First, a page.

The one sure thing in this category is Julianne Moore as an early-onset Alzheimer's patient in "Still Alice." The love for "The Theory of Everything" probably means Felicity Jones will be here, too. And while few loved "Big Eyes," the Academy probably hasn't yet run out of love for Amy Adams, so she's a likely contender, too. Reese Witherspoon's "Wild" made a respectable-sized splash, and Oscar loves a comeback, so she's got a good shot. Rosamund Pike's tricky "Gone Girl" performance will probably round out the category. There's a possibility, though that Jennifer Aniston will oust one of the weaker candidates (that is, anyone but Moore), since her dramatic transformation in "Cake" plays to the same backstory as Carell (beloved TV comic in an unflattering, vanity-free dramatic turn). Oh, and while critics have loved past Oscar-winner Marion Cotillard in both "Two Days, One Night" and "The Immigrant," those movies don't seem to have been on Oscar's radar. Neither was "The Homesman," so tough luck, Hilary Swank. "Into the Woods" has been huge, but Meryl Streep will suck up all that movie's oxygen, so Emily Blunt probably won't land a Best Actress nomination this time.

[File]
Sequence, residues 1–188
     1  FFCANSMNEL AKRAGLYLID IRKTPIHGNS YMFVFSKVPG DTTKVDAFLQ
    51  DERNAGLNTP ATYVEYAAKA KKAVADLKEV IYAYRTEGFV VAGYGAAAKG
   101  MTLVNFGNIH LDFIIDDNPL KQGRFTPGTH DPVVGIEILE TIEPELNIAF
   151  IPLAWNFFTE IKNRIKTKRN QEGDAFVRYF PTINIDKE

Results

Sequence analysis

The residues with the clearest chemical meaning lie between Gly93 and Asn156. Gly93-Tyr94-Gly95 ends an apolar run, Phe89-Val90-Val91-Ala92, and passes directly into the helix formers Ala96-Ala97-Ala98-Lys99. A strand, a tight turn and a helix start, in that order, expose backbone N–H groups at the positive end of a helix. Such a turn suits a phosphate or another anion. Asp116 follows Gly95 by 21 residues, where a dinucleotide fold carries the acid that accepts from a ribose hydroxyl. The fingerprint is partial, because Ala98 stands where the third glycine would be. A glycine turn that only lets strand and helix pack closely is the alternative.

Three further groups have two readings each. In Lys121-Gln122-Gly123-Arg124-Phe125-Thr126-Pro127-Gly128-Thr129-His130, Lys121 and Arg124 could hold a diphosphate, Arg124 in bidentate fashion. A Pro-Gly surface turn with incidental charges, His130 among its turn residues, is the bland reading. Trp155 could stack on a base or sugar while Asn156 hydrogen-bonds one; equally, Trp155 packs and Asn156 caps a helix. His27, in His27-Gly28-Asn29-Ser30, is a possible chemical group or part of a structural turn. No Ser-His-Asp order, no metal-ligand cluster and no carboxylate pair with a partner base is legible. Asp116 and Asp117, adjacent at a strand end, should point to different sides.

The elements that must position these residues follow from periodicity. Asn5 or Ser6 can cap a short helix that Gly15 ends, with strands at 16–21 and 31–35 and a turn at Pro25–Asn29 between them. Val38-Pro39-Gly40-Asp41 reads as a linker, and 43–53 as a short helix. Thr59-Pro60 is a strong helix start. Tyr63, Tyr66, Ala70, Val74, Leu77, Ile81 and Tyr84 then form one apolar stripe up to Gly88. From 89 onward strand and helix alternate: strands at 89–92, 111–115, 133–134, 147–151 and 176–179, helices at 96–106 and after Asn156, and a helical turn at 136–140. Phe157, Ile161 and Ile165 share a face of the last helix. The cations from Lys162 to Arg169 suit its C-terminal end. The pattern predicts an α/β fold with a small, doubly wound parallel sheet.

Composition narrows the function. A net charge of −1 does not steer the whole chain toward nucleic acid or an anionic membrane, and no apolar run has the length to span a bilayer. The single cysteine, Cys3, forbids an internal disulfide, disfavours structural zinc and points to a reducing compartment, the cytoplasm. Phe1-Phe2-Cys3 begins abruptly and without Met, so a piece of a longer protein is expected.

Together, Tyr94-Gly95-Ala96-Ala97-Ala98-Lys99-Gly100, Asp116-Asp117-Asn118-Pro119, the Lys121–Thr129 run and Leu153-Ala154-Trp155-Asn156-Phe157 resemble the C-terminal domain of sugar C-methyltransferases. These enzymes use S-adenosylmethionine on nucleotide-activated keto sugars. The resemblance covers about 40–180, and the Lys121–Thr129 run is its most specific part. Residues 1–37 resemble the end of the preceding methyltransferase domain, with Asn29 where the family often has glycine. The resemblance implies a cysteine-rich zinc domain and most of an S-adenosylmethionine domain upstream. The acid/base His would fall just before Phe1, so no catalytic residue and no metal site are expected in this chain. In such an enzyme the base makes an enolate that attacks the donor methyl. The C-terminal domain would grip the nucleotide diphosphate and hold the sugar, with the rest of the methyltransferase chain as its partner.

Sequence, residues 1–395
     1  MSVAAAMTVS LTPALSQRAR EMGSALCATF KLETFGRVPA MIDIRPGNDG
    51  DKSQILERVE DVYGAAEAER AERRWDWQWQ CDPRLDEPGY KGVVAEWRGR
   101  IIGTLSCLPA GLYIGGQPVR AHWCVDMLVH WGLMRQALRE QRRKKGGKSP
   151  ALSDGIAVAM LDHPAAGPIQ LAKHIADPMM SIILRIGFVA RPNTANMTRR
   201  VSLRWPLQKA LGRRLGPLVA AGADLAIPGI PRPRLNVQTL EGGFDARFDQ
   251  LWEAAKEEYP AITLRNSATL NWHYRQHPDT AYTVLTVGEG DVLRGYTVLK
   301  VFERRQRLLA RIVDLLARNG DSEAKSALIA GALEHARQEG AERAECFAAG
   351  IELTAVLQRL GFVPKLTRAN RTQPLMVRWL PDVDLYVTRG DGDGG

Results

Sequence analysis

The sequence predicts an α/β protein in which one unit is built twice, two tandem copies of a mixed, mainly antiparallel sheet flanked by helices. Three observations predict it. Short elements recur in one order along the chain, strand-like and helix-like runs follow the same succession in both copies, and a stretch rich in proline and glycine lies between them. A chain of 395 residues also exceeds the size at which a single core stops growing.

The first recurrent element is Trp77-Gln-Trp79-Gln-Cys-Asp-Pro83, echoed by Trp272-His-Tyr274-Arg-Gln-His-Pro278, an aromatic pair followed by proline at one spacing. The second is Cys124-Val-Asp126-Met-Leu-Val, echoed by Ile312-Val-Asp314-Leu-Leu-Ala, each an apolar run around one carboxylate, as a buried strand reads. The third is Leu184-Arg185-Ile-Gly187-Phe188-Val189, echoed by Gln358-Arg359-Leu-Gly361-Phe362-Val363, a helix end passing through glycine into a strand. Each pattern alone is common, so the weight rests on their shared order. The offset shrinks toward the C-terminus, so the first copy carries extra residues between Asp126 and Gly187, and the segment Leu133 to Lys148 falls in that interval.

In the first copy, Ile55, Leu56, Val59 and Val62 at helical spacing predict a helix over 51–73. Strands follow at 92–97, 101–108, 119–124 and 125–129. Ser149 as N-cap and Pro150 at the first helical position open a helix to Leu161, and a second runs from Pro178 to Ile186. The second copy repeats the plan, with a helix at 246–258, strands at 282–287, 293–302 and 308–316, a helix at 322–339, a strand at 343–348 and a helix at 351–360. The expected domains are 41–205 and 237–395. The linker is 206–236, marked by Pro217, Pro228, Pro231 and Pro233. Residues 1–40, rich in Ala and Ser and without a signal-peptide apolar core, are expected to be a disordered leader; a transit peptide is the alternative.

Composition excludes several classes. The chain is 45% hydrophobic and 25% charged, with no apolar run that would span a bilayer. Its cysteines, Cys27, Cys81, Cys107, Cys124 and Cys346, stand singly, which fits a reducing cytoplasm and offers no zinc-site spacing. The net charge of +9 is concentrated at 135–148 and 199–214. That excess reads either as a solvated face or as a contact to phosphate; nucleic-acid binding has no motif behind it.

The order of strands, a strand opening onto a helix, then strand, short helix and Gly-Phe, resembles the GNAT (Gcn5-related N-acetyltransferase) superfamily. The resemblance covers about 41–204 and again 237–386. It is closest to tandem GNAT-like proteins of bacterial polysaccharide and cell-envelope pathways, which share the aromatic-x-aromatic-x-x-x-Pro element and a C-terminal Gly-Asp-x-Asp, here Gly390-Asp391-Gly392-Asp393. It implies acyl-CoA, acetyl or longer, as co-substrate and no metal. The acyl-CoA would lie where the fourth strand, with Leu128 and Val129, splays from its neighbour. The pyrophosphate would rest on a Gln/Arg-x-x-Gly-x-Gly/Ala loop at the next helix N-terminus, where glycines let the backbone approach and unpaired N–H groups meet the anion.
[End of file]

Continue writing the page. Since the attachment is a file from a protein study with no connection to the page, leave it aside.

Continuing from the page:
Best Supporting Actor
J.K. Simmons's hard-charging jazz teacher in "Whiplash" is a sure bet for a nomination -- and probably the win. The love for "Boyhood" will earn a nod for Ethan Hawke; ditto for "Birdman" and Edward Norton. Mark Ruffalo is a likely fourth for "Foxcatcher." Christoph Waltz has won this prize twice in recent years; that won't stop him from earning a nomination for "Big Eyes," though it will keep him from winning. But instead of Waltz, the fifth slot could easily go to Robert Duvall in "The Judge," since he's been an Oscar favorite for decades (he's been nominated seven times and won once). Plus, if he wins, the 84-year-old would beat Christopher Plummer's record as the oldest acting winner ever.
Best Supporting Actress